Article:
Families Stepping Up to Help Newborns Impacted by Opioid Crisis - NBC Connecticut
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Families Stepping Up to Help Newborns Impacted by Opioid Crisis



    Families Adopting Babies Exposed to Opioids

    Adoption agencies say more and more families are adopting children who were exposed to heroin and other opioids in utero.

    (Published Monday, Feb. 26, 2018)

    Families in Connecticut are giving the most vulnerable victims involved in the state’s opioid crisis a fresh start to a new life.

    Across the country, one infant every 25 minutes is born with exposure to opioids. Adoptions from the Heart, an adoption agency in Glastonbury, said more than a third of the babies in their program are also affected. They’re helping potential parents in Connecticut give homes to these newborns.

    Killingly couple Michaela and Gary Hubbard knew they wanted to start their family by adopting and when they met Lily they thought she would be the perfect addition. The little girl had been exposed to opioids during the pregnancy of her biological mother in addition to being at risk for HIV and Hepatitis C.

    “We knew her medical issues up front and we were ok with that,” Michaela Hubbard said.

    Robyn Sullivan, a school principal from Wethersfield, isn’t shying away from the health issues that her adopted daughter Haydon has.

    “I want her to know her story,” Sullivan said.

    Both the Hubbards and Sullivan chose an open adoption and both families were eager to open their lives to babies born exposed to opioids in spite of the challenges.

    “Lily was in the NICU for two and a half weeks,” Michaela Hubbard said.

    Lily’s birth mom’s drug use led to the girl being born 9 weeks premature at 3 pounds and 1 ounce.

    “This is who Lily is. We’re very grateful and thankful,” Michaela Sullivan said.

    Sullivan said people may think having a baby exposed to opioids is the “worst possible thing.”

    “It’s really not that scary,” Sullivan said.

    Both babies’ biological mothers suffered from addiction and each woman hand-picked the Hubbards and Sullivan.

    “She did more than 13 bags of heroin a day through the six-month of pregnancy and that is when she confirmed her pregnancy,” Sullivan said.

    Lily also faced a difficult road. Hubbard said her daughter has shown signs of withdrawal.

    The withdrawal process for opioid-exposed babies is called neonatal abstinence syndrome. It typically begins right after birth and the symptoms include low birth weight, respiratory seizures and feeding troubles.

    The latest Centers for Disease Control and Prevention data finds the occurrence of neonatal abstinence syndrome has increased 383 percent.

    Haydon was delivered in Virginia and hospitalized four and a half days.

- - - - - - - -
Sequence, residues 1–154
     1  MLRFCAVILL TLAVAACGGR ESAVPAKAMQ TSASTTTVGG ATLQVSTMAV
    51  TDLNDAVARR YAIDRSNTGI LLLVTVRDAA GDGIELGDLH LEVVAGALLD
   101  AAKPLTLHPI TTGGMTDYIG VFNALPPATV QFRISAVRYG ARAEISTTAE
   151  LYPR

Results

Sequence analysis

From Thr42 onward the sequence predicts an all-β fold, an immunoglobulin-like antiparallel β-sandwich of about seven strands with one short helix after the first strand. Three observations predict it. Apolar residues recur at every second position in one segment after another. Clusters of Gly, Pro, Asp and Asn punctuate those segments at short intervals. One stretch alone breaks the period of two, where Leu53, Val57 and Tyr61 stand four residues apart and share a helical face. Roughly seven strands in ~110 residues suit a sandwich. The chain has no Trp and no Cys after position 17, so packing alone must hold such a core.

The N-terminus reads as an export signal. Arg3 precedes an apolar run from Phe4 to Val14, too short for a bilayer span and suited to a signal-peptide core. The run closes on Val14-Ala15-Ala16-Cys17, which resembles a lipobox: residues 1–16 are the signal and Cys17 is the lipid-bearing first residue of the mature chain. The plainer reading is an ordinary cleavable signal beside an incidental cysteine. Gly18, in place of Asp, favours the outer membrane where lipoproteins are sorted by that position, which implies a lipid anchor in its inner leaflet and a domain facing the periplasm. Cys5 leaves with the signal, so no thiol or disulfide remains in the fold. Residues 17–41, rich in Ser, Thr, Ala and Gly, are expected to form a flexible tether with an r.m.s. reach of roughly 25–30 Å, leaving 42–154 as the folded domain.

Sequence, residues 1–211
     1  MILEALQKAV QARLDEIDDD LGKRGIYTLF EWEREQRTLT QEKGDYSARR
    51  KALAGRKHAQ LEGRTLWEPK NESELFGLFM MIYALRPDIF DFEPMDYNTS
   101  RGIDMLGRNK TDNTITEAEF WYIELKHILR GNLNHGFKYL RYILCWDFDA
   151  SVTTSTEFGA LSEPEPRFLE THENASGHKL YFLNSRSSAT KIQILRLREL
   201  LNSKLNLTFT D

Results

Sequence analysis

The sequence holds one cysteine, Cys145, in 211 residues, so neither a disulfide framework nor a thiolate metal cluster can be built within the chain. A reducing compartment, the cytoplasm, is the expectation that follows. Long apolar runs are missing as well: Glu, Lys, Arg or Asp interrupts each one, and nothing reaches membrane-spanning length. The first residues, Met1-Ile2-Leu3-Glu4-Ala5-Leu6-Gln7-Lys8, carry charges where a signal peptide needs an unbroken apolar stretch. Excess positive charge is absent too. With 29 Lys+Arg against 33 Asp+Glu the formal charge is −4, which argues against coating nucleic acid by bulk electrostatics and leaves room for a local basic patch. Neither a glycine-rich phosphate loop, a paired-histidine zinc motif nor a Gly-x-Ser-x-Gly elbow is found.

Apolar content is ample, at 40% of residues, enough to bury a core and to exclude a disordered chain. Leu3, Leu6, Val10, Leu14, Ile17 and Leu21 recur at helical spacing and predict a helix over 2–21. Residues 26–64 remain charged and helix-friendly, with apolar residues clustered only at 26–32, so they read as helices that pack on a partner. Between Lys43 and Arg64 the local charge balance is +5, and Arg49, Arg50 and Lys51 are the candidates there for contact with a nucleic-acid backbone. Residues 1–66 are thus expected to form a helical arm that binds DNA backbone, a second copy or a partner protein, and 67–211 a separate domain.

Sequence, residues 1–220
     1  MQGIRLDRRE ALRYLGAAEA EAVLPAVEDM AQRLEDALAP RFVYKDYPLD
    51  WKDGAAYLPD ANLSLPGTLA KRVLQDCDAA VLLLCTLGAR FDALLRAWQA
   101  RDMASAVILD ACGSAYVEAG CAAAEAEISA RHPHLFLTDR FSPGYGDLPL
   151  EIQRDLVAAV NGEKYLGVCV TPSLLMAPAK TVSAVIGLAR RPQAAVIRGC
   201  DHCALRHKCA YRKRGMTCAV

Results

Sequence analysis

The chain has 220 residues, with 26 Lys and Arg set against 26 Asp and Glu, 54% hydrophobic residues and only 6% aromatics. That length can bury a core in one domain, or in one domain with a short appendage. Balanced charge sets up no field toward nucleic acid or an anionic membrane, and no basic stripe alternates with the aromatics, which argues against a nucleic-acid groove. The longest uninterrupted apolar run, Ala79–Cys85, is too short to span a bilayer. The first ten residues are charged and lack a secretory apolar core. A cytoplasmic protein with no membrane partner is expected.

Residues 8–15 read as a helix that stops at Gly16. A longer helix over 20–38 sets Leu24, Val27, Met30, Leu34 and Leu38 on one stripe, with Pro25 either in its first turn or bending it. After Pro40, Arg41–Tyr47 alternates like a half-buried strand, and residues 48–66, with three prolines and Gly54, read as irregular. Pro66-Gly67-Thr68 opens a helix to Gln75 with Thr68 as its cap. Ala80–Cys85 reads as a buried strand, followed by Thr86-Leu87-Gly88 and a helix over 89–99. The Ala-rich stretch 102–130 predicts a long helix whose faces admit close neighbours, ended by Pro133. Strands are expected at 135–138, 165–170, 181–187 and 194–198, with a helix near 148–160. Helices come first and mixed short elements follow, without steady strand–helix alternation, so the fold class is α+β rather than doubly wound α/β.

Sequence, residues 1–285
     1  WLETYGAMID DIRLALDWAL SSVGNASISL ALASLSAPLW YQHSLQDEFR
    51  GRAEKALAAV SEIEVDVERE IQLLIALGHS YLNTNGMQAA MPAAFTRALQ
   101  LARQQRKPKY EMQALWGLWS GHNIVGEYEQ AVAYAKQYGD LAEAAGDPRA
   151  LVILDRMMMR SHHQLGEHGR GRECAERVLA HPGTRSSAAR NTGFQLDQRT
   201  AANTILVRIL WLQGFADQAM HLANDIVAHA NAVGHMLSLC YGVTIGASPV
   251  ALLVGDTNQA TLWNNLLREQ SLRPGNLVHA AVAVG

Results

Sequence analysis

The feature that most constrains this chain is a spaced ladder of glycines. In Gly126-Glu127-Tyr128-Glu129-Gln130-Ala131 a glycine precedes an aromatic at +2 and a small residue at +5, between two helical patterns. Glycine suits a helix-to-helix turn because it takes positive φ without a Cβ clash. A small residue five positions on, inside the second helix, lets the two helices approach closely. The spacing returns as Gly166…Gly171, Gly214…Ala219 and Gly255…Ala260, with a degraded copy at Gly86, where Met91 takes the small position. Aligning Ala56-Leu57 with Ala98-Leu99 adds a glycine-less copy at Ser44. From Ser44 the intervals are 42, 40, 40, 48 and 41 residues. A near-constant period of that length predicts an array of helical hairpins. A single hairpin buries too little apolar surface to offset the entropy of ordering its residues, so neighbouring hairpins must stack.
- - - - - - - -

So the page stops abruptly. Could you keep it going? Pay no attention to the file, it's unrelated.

“We just did round the clock skin-to-skin contact. I think based on her level of exposure they just expected her to be in the NICU, but it never happened,” Sullivan said.

    Adoptive parents being open to taking in an infant exposed to opioids increases their chances of finding a child, Susan Myers with Adoptions from the Heart said.

    “The process isn’t really that different from adopting any type of infant. Babies may have a range of different kinds of issues [and] opiate exposure is just one of them. We really want adoptive parents to feel comfortable, to feel prepared to meet the needs of any type of child,” Myers said.

    Doing so can translate into long hours at the hospital when the babies are transitioning to life without the drugs.

    “I would hold her for hours at a time, and we would do skin to skin while she was in the hospital. She is daddy’s little girl,” Gary Hubbard said.

    But there could be health consequences for these children, and the thousands like them, later in life.

    “We don’t have data on long-term outcomes because this is a new epidemic for us,” Dr. Courtney Townsel, a maternal-fetal medicine fellow at UCONN Health, said.

    “Things like developmental-delay and things like learning issues later on-- we really don’t have enough information to give parents about that.”

    Right now, the Hubbards and Sullivan say that risk doesn’t bother them.

    “There’s learning differences. There’s attention deficit, there’s developmental differences that I was taking a gamble with. There were definitely withdrawal things, but the minute I heard about her case, I knew in my heart she was my daughter,” Sullivan said.

    Doctors said keeping in constant contact with your pediatrician and day care providers and teachers will help flag potential issues in the future.

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